Your iPad, iPhone or iPod touch are ideal for storing and displaying your favourite photos and videos—but what if some are more private than others?
If that's the case, you probably don't carry around these kinds of images and risk them being viewed by over-the-shoulder snoops—or by your kids who like to play games on your device.
But a growing category of apps serves as a digital locker to your media, so you can carry around images and videos you deem "private." Ahem. We'll just leave it at that.
And so I decided to give a free option a spin, called Best Secret Folder. The first thing you'll notice after downloading the app is the icon is not labeled "Best Secret Folder." Instead, it says "My Utilities" and shows a picture of a folder with many different apps in it (as if you grouped them together yourself).
The second layer of protection is a password you need to set up to access your locked photos and videos—plus the app now supports notes, too. You can go with a numeric personal identification number or a pattern to draw in order to open up the app (such as the letter "Z" or "N"). You can also choose to repeat the password or pattern before gaining access to the files.
Third, you can opt for a "dummy screen" that makes it look like your folder is empty when you launch the app. To access your real photo and video library, you'd tap the small "Information" icon in the lower left of the screen.
And there are even more options to further safeguard your private media, including setting up an alarm to catch nosy friends, snapping a photo of those trying to break into the app (with date, time and location stamp) and seeing the number of break-in attempts displayed on the icon itself (such as a red number 2 in the corner).
Once you're in the app, there are a few areas to access: Photos, Videos and Notes. You can tap to add a new folder per area and store as many files as you like in each one. Adding content to a folder is as easy as selecting it from your library or taking a photo or video with the camera at that time. (If it's private, you'd want to then delete the media from your iPad library once it's secured in this app.)
You can also move, rename or delete photos and videos or export them to your library or via e-mail address.
Best Secret Folder is a powerful and free way to protect your private photos and videos. It's easy to use, offers a number of optional levels of security and cleverly blends in with your existing apps.
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To help celebrate Life magazine's 75th anniversary, publisher Time Home Entertainment has created a digital coffee table book for iPad owners.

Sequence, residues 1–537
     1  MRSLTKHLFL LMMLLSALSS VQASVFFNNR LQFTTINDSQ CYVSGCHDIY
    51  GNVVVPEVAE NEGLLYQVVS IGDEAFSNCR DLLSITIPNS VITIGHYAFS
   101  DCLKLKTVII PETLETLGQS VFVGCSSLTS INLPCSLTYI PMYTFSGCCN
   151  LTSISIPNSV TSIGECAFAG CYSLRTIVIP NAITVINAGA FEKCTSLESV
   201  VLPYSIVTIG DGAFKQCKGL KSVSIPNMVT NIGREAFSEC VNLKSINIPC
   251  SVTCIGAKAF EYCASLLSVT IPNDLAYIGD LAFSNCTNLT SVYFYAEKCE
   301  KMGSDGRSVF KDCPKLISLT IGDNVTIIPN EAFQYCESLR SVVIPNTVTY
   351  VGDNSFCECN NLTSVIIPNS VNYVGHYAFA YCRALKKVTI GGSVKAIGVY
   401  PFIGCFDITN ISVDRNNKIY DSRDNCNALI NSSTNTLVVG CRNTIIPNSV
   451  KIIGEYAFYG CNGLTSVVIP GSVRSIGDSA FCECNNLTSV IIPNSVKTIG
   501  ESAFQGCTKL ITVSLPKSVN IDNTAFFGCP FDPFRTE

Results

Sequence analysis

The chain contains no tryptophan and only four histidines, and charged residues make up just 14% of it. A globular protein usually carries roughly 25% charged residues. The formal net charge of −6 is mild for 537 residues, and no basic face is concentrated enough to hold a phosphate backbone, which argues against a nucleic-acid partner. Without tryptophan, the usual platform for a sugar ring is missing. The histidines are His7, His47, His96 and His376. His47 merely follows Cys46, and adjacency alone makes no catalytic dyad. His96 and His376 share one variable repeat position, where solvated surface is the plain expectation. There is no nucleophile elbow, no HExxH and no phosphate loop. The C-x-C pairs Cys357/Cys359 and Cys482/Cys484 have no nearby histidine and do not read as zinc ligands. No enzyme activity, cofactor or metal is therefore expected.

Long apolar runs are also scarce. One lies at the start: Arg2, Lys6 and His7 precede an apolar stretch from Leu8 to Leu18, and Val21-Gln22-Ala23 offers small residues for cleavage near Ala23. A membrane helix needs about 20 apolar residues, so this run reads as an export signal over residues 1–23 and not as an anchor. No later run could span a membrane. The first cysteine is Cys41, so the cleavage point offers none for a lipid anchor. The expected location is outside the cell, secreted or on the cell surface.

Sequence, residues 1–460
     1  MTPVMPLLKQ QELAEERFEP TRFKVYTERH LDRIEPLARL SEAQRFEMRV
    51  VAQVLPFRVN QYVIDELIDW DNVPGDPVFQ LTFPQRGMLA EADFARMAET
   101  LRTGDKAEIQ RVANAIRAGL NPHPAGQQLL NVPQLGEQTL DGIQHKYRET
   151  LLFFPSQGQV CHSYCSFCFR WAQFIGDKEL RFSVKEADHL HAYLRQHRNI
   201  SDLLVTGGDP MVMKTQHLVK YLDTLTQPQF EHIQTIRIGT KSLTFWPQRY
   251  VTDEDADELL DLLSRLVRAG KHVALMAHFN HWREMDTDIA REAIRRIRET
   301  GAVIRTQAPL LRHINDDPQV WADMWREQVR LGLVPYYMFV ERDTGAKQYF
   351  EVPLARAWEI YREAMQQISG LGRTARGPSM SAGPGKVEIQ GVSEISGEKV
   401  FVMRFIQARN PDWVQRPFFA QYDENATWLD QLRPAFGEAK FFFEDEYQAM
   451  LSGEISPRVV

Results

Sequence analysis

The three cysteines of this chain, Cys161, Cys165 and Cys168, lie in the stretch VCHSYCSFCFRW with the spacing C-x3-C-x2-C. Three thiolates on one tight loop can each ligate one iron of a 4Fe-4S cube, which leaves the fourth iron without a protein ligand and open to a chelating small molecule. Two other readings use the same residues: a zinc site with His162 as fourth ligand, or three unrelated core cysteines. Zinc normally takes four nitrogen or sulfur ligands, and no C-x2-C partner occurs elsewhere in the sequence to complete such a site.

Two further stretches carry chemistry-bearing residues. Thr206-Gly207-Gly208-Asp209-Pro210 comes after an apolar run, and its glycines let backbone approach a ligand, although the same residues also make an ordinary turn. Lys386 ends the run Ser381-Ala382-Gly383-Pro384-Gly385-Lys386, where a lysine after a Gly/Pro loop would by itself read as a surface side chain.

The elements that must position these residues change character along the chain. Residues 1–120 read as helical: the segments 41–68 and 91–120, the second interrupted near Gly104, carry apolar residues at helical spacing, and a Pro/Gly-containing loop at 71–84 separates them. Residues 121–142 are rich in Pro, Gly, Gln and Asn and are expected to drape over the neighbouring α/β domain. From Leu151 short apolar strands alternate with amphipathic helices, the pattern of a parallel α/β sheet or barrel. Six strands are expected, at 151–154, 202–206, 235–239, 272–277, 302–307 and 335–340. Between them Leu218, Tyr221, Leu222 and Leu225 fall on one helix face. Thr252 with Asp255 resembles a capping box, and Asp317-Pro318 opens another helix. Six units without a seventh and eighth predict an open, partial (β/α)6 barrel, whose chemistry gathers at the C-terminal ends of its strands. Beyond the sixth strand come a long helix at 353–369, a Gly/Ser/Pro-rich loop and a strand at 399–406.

While pricey at $10 (dropped from $13 a week ago) and not a complete photo anthology, Life 75 offers a stunning look back at 75 years in pictures.
This hefty 506 MB download is really two photo galleries in one:
* When held sideways (landscape view), the app offers hundreds of black-and-white and colour photographs from Life's pages over the past three-quarters of a century. Most of the photos are from the '30s to the '70s, mind you. There are many notable highlights, including John F. Kennedy smiling at baby Caroline in her crib, disturbing World War II photos, a posing Marilyn Monroe, Apollo 17's trip to the moon and photos from the womb. Tap on the photo and you can read a caption (about the date, photographer or subject), unlock a few bonus photos or read a short article or interview or see a related video clip.
* When the iPad is held vertically (portrait view), you can flick through nearly 140 of Life's most memorable covers, divided by theme such as At War, Space, In the Wild and Up Close with the Stars, to name a few. Rotate the tablet and you'll see a relevant photo from that issue. For example, a colour photo of The Beatles graces the cover from Life's Aug. 28, 1964, issue. And if you turn the iPad sideways, you'll see John Loengard's famous black-and-white photo of the Fab Four swimming a few days after their first appearance on The Ed Sullivan Show. Tap near the bottom of the screen to pull up the table of contents, thumbnails of each photo and other info.
But not all of the photos seem to be organized as well. For example, you can choose to view photos by decade, but not only are the '90s and '00s scarcely populated with only two photos apiece, but when you flick left or right from a shot of Buckingham Palace in 2002 you'll see a 1945 photo on the death of FDR. Aren't we supposed to be seeing the '00s?
That said, budding photographers or armchair historians might also enjoy an interactive game where you're assuming the role of the Life editor. You'll be presented with a number of similar photos and must choose the one that made the cut.
While incomplete and with some navigation issues, Life 75 contains a large number of beautiful photos and some additional content that should appeal to many people. But given its limitations, the app might be more appealing at $4 or $5 opposed to $10.
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